It's purely coincidental that I should be reviewing this the day after the Dr. Martin Luther King Jr. holiday. Set in 1964 Atlanta, Our Man in the Dark is the story of John Estem. Estem is close to esteem, of which John seems to be lacking, but I'll come back to that shortly.
A bookkeeper in the Southern Christian Leadership Conference (SCLC) office, Estem is overlooked by his co-workers and antagonized by his boss, Gant., though he fancies himself a late night confidante of Dr. King. In his life outside of the office, he desperately longs for the affection of Candy, a childhood friend who lives on the dark side. The only surviving son of his father, he is in a constant battle to prove that he's just as much of a man as his father is and his brother, Fred, would have been. With all of these insecurities, and low self-esteem masked by confidence, Estem is ripe for the picking when the FBI comes calling.
Not sure if his recent Cadillac purchase has brought him to their attention, John Estem is flattered when initially approached by FBI agents Mathis and Strobe. Convinced that he is doing his part as an American to report un-American activities, he agrees to report back to them on the goings on at the SCLC office, particularly as it relates to Communism or homosexual acts. (Side note: I'm still blown away that being gay was viewed as being as bad as, or worse than, being a Communist.) The money he receives as in informant will assist him in paying back funds he stole from the organization, which he used to purchase the new car and suits, in hopes of winning over Candy.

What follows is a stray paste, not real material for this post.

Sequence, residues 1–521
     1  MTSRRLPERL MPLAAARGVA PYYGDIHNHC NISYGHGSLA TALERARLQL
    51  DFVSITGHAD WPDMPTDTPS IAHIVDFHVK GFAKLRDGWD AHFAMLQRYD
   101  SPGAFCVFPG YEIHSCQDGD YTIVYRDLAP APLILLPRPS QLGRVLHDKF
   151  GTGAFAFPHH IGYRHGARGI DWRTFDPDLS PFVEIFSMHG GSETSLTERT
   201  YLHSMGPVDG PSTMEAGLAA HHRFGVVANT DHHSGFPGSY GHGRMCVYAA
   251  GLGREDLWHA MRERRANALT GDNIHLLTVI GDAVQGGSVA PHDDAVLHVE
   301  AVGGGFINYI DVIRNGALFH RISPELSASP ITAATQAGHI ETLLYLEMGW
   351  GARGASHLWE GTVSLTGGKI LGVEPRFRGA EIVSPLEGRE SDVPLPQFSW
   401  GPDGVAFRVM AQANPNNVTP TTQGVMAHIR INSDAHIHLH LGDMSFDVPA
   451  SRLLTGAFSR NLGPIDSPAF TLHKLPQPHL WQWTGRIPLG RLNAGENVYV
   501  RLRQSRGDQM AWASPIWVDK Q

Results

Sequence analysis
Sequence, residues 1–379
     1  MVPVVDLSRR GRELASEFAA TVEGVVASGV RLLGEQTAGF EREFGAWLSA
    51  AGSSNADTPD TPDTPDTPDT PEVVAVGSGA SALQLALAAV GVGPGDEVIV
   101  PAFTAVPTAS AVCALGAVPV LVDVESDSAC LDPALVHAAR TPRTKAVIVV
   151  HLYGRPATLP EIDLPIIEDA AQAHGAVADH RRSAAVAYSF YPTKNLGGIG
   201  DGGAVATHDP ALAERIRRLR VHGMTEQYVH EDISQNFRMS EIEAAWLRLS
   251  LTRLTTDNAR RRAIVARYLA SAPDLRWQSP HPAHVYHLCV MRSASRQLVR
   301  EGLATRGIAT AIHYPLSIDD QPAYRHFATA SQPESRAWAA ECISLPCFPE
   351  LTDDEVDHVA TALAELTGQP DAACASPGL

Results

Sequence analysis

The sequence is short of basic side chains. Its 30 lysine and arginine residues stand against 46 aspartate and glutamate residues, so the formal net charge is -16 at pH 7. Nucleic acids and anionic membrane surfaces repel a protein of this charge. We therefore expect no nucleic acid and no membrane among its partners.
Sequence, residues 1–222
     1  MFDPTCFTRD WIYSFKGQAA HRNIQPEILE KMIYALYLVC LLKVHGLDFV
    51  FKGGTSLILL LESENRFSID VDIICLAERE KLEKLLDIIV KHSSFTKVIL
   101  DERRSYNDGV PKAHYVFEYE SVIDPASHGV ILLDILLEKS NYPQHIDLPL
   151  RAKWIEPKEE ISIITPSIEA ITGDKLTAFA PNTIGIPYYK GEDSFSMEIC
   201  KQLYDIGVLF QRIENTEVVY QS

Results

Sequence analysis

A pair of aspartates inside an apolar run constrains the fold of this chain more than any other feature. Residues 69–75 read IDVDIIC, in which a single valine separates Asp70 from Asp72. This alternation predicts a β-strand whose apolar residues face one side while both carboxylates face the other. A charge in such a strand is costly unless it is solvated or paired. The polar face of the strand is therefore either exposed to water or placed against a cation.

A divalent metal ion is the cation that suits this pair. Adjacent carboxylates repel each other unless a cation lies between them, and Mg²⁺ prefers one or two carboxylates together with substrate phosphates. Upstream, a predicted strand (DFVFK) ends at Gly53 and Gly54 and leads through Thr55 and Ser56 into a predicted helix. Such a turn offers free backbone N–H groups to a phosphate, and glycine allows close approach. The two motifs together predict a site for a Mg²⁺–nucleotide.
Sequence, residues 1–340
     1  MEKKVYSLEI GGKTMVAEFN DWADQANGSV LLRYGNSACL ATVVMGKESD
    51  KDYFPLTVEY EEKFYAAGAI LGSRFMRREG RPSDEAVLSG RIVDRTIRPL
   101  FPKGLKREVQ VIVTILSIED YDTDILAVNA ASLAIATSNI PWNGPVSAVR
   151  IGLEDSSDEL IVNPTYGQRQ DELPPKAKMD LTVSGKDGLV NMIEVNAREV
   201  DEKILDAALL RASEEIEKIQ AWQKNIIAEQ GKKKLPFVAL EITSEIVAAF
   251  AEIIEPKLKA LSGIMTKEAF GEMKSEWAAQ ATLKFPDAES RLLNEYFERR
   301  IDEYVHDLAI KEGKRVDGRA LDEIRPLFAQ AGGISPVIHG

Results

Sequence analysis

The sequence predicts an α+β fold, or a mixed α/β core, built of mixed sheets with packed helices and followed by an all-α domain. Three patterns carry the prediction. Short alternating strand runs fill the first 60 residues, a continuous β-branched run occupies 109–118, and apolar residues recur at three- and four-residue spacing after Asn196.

Far too late, John realizes he's in over his head with the FBI and Candy's notorious lover, Count. Only time will tell if the "gimp" will have the nerve to stand up to agents Stroble and Mathis and free himself of his obligations to Count for once and all.
This really started off as a slow read for me, but that's not surprising as books written from a male point of view tend to be more difficult for me to dive into. In John Estem, Rashad Harrison has created a character that evokes sympathy and disdain at the same time. While you can understand some of Estem's actions, you don't necessarily condone them and may, at times, find yourself despising him. With characters similar to those found in the Easy Rawlins or Leonid McGill series, I'd recommend this to anyone that's a fan of Walter Mosley books.
Published: November 2011
Disclaimer: Copy provided by publisher as part of TLC Book Tour.
Theme: Trouble Man by Marvin Gaye